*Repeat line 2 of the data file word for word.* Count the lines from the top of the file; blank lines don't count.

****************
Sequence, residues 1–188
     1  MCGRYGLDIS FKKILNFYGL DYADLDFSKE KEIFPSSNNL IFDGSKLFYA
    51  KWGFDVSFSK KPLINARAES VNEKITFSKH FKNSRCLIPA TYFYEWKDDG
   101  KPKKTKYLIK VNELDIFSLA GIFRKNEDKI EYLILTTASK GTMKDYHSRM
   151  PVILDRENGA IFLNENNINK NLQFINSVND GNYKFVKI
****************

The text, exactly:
     1  MCGRYGLDIS FKKILNFYGL DYADLDFSKE KEIFPSSNNL IFDGSKLFYA